City Paper is not for tourists
There’s a reason they call romantics hopeless—especially when they insist on making present-day indie rock. Unless they’re Harp readers, fans of the genre generally prefer the angst-ridden and irony-soaked to the starry-eyed and swoon-ready—which may explain why the Montreal electro-pop quintet Stars, whose members probably never saw a French film they didn’t love, has barely made a twinkle here in the United States. And that’s even as cohorts in their booming hometown music scene—the Arcade Fire, the Dears, Godspeed You! Black Emperor—are swimming laps in their critical ink. Indeed, when the New York Times spotlighted the city’s explosion of talent last month, Stars barely won a mention—only a fleeting reference that dubbed them “local favorites.”
That term would be fine for the group that Stars was on its 2001 debut, Nightsongs, a flat bit of electronica notable mainly for a sleepy, techno-ish cover of the Smiths’ “This Charming Man.” But the band’s 2003 follow-up, Heart, was another story. By turns soaring and sedate, joyful and melancholy, this collection of songs about beating hearts, falling rain, and smitten snowmen was dazzling. Its bright melodies were buoyed by lushly arranged strings, quirkily beautiful electronic effects, and the wonderfully amiable voices of co-vocalists Torquil Campbell and Amy Millan. And talk about romantic: The record opened with each band member announcing, “I am [so-and-so], and this is my heart.” It’s tough to pull off a trick like this without sounding, well, hopelessly twee. But that’s why it was such a delight to hear it work.
The album, as a few music writers noted, seemed to leave Stars on the brink of living up to their name—though many of those who praised Heart did so with such irony-soaked terms as “kitschy cool.” Stars’ newest effort, Set Yourself on Fire, certainly reflects breakthrough ambition. It opens in a characteristically grandiose lyrical fashion, with an old man—apparently, Campbell’s 82-year-old father—declaring that “When there’s nothing left to burn, you have to set yourself on fire.” This isn’t a summons to self-destruction, it’s clear, but an appeal to passion, as evidenced by the muscular cello and pounding drums that come in over the next minute or so.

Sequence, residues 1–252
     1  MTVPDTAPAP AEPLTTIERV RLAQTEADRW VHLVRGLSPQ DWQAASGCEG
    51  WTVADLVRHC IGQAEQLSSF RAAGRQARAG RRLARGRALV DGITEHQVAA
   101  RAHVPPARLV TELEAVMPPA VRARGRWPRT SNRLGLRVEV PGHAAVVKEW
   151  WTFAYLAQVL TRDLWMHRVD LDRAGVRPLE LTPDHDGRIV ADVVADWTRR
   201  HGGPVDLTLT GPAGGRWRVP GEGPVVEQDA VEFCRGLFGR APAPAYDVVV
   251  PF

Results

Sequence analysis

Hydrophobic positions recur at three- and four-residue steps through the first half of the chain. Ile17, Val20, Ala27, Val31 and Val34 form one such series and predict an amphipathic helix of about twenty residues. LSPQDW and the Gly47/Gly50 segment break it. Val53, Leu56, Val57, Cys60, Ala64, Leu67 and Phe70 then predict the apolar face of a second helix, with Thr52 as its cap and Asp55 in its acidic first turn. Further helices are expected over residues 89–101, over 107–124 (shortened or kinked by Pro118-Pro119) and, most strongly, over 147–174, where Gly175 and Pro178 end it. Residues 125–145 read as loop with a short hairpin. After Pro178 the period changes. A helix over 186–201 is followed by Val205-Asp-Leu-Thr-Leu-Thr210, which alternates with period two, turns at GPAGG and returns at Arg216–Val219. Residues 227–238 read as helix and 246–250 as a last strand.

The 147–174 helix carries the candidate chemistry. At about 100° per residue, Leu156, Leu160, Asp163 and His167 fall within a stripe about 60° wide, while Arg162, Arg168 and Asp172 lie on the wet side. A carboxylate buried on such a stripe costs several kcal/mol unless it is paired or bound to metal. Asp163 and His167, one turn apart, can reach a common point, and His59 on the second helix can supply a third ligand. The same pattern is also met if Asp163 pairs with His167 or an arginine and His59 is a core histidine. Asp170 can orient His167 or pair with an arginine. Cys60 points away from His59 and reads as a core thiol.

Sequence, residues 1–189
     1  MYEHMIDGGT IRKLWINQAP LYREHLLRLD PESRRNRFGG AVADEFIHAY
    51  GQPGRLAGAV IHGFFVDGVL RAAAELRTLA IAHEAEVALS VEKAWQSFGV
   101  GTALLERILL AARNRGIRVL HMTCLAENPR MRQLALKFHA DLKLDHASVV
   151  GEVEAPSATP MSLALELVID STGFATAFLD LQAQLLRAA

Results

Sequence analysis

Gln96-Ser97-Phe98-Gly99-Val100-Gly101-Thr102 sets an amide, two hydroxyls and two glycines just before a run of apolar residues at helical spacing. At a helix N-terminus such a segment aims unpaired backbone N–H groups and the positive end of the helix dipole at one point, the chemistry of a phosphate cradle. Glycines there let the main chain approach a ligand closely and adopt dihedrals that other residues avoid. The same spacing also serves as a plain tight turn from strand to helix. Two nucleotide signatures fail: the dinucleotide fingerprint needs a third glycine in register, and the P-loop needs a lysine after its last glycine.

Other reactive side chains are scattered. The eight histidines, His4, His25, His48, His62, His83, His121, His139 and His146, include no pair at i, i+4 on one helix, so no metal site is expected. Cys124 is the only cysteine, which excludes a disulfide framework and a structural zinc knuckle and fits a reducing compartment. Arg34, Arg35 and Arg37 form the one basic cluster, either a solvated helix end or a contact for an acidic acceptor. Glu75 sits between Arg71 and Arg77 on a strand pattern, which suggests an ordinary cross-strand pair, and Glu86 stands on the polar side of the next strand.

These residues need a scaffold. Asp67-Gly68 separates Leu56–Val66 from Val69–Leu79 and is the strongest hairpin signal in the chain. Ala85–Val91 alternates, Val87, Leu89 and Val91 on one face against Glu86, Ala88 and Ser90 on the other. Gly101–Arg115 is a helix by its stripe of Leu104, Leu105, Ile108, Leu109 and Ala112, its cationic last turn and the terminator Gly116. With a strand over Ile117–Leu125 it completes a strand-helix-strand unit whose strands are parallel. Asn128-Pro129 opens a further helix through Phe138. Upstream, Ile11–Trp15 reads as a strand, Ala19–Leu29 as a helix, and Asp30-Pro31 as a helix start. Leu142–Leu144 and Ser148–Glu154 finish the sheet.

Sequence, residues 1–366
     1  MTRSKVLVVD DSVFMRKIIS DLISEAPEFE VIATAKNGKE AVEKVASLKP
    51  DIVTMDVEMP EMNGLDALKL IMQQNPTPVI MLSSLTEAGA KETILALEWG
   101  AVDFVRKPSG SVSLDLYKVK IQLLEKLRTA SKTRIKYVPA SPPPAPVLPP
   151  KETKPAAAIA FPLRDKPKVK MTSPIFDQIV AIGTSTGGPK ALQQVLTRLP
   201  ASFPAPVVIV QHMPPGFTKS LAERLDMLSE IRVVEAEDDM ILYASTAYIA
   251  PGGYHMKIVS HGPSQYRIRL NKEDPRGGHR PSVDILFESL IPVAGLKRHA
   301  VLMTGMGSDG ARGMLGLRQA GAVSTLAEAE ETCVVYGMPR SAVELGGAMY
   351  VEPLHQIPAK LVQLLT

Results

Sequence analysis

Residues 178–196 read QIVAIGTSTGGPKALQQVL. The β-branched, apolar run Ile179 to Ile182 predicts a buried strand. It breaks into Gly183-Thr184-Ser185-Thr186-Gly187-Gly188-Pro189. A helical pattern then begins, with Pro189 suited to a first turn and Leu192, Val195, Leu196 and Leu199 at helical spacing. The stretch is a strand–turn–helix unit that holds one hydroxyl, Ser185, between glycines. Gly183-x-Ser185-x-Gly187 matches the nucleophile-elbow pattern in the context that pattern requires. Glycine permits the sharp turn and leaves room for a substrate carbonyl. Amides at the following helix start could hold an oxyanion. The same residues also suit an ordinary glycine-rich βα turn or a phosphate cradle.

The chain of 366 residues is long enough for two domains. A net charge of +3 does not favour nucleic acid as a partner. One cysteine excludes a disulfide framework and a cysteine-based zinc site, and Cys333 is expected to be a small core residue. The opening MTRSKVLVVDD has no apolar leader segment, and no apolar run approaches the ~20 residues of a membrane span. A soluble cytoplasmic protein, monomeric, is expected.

That the song, “Your Ex-Lover Is Dead,” is a duet between Campbell and Millan seems apt. Stars’ music is based on the dramatic tension between the two. Campbell’s voice is friendly and warm, somewhere between Fred Schneider and Morrissey. Millan’s, by contrast, is all dispassion. “God, that was strange to see you again,” Campbell begins, over a swelling bass line and some chiming bells. “Introduced by a friend of a friend/Smiled and said yes I think we’ve met before/In that instant it started to pour.” Then comes Millan: “This scar is a fleck on my porcelain skin/Tried to reach deep but you couldn’t get in/And now you’re outside me you see all the beauty/Repent all your sin.” It might be the sweetest back-and-forth dissection of a relationship since the Human League’s “Don’t You Want Me.”
This is impressive lyrical dexterity, though not quite as impressive as that of, say, Belle and Sebastian or any project that involves Stephin Merritt. The bigger flaw on Fire is that this basic formula—two current or former or would-be lovers serenading one another—is repeated again and again. There’s “The Big Fight,” which tells the wistful tale of a hollow affair in the form of a he-said, she-said until Campbell and Millan sing together for the mopey refrain: “He doesn’t want her but he just won’t let her go.” There’s “One More Night,” an apparent chronicle of a last quickie between an estranged couple: “Try as he might/